The aftermath of divorce brings all sorts of concerns for the under-earning spouse. If you do not have a career during your marriage, or if you earn significantly less than your spouse, you may worry how you will be able to support yourself and your children after the court finalizes the divorce decree. You may wonder if it’s possible to receive an alimony award that will last you the rest of your life.
Temporary and permanent alimony
When determining alimony, courts have discretion to make an alimony award temporary or permanent. Thus, it’s technically possible for you to receive permanent spousal support. However, permanent lifetime support is very rare, and courts only award it under extreme circumstances.
Rather than permanent alimony, it’s more likely that you will receive rehabilitative alimony. This means alimony that meets your needs and helps you to maintain a reasonably comfortable lifestyle until you can get back on your feet and support yourself. In other words, it’s most likely that alimony will last long enough for you to obtain higher education and find steady employment.
Factors courts consider
North Carolina courts consider a variety of factors when deciding how long an alimony award will last.
For example, they will examine your education and earning capacity, your overall health, other needs you may have, and whether or not you will have sole or joint custody of your children. They will also look at the lifestyle that you have grown accustomed to during the marriage, and the duration of the marriage.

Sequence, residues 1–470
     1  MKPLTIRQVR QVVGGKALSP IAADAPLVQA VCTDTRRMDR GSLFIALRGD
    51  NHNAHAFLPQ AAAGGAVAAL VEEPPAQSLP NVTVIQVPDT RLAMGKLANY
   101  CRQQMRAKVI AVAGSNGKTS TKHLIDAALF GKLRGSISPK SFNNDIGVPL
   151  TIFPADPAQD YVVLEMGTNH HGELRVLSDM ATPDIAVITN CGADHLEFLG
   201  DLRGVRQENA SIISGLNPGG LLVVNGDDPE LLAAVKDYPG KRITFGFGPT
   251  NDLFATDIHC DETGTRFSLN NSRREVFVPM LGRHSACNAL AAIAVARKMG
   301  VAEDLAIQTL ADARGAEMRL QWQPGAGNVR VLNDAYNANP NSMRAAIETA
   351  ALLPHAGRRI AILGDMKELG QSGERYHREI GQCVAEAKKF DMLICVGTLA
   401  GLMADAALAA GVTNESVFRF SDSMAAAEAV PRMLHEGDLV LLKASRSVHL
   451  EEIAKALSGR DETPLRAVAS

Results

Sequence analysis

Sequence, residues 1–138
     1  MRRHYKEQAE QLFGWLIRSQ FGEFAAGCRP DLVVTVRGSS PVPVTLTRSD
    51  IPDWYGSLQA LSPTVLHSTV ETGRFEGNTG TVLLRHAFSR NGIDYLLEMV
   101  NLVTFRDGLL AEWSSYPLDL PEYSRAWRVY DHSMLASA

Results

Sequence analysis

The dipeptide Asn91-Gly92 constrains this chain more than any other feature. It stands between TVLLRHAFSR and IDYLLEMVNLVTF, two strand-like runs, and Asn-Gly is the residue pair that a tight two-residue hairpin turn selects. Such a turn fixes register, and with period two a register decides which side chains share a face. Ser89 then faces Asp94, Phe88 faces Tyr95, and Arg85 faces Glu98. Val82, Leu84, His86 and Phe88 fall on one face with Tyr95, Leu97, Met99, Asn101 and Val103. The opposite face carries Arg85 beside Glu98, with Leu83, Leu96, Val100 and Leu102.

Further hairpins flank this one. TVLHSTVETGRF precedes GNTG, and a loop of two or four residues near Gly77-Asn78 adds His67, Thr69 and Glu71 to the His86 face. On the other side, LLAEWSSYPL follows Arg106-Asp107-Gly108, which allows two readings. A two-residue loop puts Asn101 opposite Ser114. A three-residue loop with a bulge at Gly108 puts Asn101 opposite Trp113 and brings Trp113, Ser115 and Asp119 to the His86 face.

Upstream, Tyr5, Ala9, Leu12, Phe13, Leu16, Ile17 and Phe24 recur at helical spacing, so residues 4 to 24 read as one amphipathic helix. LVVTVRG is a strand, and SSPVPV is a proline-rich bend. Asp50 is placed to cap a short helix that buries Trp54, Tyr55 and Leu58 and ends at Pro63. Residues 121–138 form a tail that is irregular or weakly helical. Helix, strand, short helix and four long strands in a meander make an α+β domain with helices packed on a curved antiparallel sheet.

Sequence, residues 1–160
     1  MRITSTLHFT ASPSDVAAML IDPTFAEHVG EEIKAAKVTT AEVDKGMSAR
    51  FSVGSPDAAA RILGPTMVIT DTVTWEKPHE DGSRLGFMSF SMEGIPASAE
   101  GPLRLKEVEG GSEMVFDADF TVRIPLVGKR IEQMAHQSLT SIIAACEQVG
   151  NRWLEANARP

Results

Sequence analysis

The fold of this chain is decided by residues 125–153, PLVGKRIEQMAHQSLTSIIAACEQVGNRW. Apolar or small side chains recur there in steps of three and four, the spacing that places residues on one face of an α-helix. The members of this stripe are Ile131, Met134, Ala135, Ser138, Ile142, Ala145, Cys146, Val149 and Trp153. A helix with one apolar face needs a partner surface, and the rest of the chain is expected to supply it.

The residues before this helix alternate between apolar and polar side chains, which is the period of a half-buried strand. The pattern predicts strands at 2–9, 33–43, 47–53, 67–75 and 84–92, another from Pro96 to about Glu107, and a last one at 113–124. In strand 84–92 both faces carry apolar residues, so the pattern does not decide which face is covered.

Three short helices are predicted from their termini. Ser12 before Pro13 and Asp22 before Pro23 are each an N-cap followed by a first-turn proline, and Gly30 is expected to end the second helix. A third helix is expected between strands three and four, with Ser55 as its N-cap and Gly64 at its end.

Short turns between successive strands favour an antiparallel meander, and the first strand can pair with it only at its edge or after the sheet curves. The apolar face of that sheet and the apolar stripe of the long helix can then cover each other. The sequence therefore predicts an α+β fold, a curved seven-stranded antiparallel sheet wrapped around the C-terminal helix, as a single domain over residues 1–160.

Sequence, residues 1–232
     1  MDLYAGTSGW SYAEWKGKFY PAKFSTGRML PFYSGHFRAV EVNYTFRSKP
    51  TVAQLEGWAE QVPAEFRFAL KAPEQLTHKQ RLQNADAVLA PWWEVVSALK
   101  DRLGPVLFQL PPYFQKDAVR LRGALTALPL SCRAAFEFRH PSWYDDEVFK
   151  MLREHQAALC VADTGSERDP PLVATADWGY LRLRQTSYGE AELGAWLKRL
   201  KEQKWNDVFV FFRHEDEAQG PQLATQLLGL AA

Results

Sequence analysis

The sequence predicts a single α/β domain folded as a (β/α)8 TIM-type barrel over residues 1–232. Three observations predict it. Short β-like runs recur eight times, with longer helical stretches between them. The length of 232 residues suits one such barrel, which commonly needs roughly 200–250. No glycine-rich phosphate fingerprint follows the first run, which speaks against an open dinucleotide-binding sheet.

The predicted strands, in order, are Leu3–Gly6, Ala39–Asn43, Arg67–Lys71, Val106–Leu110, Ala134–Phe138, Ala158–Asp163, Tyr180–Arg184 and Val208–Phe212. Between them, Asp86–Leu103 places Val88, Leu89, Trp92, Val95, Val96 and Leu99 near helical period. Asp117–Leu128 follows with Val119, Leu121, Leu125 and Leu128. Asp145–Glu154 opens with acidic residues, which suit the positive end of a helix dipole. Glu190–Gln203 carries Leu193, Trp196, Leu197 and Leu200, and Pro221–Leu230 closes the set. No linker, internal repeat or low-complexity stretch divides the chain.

Though extremely rare, a court might grant you an award of permanent alimony if there was little chance of you becoming self-sufficient in the foreseeable future. For example, if you have health conditions or disabilities that make it extremely difficult for you to find employment, and if your marriage has lasted a long time, a permanent award may be more likely. However, even a permanent award will end if you remarry or cohabitate with a stable, long-term partner.
Alimony serves an important function for underearning spouses. It will help you to transition into your new, post-divorce life without the stress of being unable to support yourself, until you can become self-sufficient and independent again.